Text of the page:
The shortlist for Internet Villain is equally distinguished. Home Secretary Rt Hon Theresa May MP has pushed on with the Communications Data Bill, despite the concerns and implications over its many flaws and is nominated as a result. The American PRISM programme is nominated too, for the sheer size and scale of the alleged surveillance of internet users, combined with a total lack of transparency. Bluecoat are nominated for selling Deep Packet Inspection and other surveillance equipment to unfavourable regimes, representing several other firms who have done the same. The final villain, the Turkish Prime Minister, Recep Erdoganmakes the shortlist for not understanding the internet, calling social media a ‘menace to society’ during recent social unrest. Given Turkey’s role as a regional leader, council felt they should be role models for other regimes in the region, embracing social media and the internet as an integral part of modern democracy.
ISPA Secretary General Nicholas Lansman said “the Hero and Villain Awards are the two most anticipated categories at the ISPAs. Given what has happened in the last year, it is no surprise that surveillance dominates this year’s shortlists. Thank you to members of the public for their suggestions and I look forward to finding out who wins on the night. The awards are a fantastic night to celebrate the best of the British internet industry, and whilst Hero & Villain cover serious issues, they are light hearted in nature. The 2013 awards are the 15th ISPAs, showing how resilient and successful the sector has been.”
The ISPA Awards are taking place on Thursday 11th July are at the Park Lane Sheraton. A full shortlist of all 15 categories can be seen here. Tickets are on sale here or for more information please contact the ISPA press office on 0203 397 3308, or [email protected] for more information.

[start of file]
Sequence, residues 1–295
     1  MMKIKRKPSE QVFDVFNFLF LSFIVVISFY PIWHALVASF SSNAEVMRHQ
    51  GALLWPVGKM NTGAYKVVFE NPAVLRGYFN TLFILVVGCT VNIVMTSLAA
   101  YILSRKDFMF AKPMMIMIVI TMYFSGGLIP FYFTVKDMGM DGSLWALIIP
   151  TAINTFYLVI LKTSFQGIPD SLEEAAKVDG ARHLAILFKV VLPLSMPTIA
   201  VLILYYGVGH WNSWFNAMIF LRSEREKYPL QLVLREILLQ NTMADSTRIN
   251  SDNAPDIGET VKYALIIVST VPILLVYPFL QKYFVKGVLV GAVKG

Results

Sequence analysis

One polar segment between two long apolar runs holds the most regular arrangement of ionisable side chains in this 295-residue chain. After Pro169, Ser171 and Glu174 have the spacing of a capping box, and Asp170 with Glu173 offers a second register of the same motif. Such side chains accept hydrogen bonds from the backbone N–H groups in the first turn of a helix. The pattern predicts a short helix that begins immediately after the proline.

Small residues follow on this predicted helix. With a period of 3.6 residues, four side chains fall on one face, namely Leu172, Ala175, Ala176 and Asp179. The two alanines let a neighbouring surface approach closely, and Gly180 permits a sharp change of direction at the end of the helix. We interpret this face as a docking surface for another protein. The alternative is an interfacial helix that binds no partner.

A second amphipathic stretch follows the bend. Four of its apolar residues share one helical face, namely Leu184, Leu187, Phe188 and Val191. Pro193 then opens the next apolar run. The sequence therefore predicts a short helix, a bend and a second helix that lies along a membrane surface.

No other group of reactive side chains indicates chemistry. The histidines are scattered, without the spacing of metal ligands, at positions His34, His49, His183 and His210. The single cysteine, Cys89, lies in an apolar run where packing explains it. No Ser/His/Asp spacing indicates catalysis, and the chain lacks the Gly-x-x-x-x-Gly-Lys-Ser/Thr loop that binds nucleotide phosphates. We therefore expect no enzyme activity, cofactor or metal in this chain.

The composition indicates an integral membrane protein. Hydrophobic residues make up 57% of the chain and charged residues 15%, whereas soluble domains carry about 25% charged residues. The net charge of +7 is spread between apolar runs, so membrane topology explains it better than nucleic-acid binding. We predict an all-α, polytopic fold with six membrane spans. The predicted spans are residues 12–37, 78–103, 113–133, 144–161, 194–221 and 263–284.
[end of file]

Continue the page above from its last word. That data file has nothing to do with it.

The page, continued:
Internet Hero finalists
• Deputy Prime Minister, Rt Hon Nick Clegg MP – For preventing the Communications Data Bill.
• Julian Huppert MP- For leading political opposition against the Communications Data Bill.
• Edward Snowdon – For exposing the PRISM surveillance project being run by the US government and calling for a debate around surveillance in the digital age.
• Spamhaus – For fending off a significant global cyber-attack in the spring.
Internet Villain finalists
• Bluecoat et al- For selling surveillance technologies and equipment to unfavourable regimes.
• Prime Minister of Turkey, Recep Erdogan- For condemning social media as a ‘menace to society’, when he should recognise the value of the internet in a democracy.
• Home Secretary Rt Hon Theresa May MP- For pushing ahead with the Communications Data Bill, despite criticism from industry.
• The PRISM Project – For running a surveillance programme that appears to have operated without proper safeguards and little transparency.